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Alex Ind Rev by HC1209130958

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									Britain became one of the first industrialized countries in Europe due to its ever-expanding
world market, strong political and social influences and its powerful navy which continued to
rule the seas of Europe and act as an excellent hub of transportation. Although many other
countries in Europe, such as France, which was the intellectual center of Europe in the 18th
century, had the knowledge and capabilities to launch itself into an era of technological
improvements, due to certain factors, such as a continuing state of total war, suppressive
regimes such as the Jacobins and the raising of tariff barriers which were caused by the
continental system this was acted as a counter-catalyst and slowed the rate of industrial
innovations. After Britain established itself at the head of the industrial Revolution, it could
essentially ‘confirm Britain’s position as the world leader’ (Chris Smith).

        One of the major factors contributing to Britain becoming the first industrialized
country in Europe may have been due to the political atmosphere. England enjoyed an era of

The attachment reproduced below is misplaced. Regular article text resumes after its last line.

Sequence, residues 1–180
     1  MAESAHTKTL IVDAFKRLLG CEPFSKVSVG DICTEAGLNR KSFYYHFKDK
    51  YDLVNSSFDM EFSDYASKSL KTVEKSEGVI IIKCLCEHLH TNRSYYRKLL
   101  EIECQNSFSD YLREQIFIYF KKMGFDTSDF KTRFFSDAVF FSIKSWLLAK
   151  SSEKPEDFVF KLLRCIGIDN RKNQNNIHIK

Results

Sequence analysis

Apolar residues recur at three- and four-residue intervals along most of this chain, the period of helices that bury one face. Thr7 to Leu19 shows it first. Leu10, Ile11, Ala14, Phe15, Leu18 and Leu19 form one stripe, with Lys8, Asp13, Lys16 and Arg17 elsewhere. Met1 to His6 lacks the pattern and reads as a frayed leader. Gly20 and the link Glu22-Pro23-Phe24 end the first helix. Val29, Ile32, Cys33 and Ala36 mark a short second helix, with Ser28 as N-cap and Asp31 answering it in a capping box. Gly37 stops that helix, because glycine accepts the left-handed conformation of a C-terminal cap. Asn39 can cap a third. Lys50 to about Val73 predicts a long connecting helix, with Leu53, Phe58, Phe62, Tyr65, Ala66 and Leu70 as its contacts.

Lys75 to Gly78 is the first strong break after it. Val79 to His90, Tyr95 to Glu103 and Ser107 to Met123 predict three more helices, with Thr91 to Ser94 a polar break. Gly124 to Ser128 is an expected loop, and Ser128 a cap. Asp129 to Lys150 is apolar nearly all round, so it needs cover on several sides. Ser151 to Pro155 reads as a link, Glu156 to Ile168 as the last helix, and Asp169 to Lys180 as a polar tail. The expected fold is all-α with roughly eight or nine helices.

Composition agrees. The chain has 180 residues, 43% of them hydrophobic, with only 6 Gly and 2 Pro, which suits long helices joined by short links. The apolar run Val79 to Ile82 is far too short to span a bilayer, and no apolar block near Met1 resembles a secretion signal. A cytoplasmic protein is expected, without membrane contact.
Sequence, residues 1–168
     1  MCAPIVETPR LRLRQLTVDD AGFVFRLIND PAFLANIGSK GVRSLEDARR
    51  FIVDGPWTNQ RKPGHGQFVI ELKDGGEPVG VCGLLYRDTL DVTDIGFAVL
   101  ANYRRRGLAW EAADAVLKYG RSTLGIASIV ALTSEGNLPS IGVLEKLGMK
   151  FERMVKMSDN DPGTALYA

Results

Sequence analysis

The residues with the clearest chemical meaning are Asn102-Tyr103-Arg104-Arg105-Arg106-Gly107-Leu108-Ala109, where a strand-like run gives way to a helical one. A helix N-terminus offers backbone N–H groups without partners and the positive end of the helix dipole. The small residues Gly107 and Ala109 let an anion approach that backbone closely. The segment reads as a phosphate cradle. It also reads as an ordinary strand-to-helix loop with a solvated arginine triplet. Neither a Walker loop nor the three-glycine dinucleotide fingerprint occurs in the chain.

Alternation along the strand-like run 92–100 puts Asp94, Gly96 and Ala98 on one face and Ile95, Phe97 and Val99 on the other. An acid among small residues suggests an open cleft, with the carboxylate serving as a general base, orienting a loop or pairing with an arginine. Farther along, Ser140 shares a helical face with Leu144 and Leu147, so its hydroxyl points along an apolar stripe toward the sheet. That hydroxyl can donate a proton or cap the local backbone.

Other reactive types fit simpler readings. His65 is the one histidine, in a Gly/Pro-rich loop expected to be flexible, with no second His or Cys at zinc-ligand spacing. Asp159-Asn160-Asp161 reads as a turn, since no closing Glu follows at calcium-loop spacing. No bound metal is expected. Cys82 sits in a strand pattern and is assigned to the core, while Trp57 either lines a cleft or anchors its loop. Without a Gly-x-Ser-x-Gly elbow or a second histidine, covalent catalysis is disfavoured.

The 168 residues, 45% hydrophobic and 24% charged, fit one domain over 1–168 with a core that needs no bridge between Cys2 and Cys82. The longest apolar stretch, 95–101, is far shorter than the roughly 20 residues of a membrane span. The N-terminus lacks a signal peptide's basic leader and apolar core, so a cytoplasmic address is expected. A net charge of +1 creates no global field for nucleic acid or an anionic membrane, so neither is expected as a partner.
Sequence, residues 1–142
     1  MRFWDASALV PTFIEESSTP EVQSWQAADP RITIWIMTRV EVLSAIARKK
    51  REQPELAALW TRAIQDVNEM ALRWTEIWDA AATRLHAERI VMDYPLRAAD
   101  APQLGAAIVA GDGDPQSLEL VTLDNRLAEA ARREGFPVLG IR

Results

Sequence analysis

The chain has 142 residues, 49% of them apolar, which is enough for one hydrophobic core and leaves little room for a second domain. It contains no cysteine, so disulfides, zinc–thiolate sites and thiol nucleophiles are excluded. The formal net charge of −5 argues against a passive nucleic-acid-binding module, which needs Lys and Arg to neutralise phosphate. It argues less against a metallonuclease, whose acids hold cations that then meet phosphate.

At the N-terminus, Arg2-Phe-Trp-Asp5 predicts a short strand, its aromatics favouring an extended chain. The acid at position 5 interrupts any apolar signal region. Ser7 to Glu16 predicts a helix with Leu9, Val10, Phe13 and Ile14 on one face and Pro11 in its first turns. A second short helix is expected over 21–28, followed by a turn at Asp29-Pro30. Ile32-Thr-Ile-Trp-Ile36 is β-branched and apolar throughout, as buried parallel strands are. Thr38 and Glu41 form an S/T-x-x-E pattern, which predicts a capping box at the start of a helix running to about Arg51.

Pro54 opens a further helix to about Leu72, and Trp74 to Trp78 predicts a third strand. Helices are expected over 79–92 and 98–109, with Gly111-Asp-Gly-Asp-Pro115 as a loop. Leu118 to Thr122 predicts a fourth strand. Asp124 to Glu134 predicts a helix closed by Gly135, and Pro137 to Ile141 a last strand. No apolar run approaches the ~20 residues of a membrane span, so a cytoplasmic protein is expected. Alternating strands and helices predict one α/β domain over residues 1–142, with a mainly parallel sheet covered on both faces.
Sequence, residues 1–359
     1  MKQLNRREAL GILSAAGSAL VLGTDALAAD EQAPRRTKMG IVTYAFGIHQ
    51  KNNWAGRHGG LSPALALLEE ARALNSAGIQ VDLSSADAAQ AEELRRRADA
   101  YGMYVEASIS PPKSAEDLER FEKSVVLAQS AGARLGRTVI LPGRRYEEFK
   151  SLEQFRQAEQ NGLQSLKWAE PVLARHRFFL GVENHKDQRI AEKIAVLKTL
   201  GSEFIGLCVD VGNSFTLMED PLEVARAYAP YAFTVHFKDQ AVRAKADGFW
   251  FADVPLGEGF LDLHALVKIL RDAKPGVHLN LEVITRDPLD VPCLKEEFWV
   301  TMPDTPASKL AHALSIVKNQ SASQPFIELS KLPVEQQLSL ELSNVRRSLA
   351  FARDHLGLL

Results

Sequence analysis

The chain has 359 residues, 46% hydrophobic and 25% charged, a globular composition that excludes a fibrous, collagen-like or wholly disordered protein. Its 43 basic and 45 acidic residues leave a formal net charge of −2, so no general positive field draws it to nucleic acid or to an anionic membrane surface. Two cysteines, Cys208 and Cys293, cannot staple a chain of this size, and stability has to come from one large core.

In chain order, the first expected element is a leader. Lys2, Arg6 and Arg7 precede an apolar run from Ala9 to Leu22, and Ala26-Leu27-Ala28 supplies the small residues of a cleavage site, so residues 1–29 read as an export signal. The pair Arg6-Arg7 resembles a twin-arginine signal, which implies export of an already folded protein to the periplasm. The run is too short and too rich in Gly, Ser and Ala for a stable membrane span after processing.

political stability as it was far away from the war-torn battlefields of Europe and was
predominantly liberal, which allowed for such doctrines to expand as laissez-faire and the
discontinuation of practices such as of guilds controlling the supply and demand of a certain
craft. For instance, this enabled the private entrepreneur Thomas Newcomen, to invent the
world’s first steam engine which ushered in a period of revolution throughout the industrial
world. Whereas in France, the principle political structure was fragmented but dominantly
monarchal, with its first obligations set to upholding the aristocracy. After the year 1789,
regime topples after regime, resulting in Napoleon becoming emperor. The introduction of
the Napoleonic continental system as economic warfare to fight against Britain proved
inefficient. As tariffs that were not present in Britain were raised around continental Europe,
this prevented the integration that national economies needed to industrialize and take off.
Such an instance could be seen in Metz, as the government decided to back up the
industrialization of gunpowder, but ignored the ideology of the people, and as a result
widespread resistance to industrialization appeared along with the fear that machines would
take over job positions.

								
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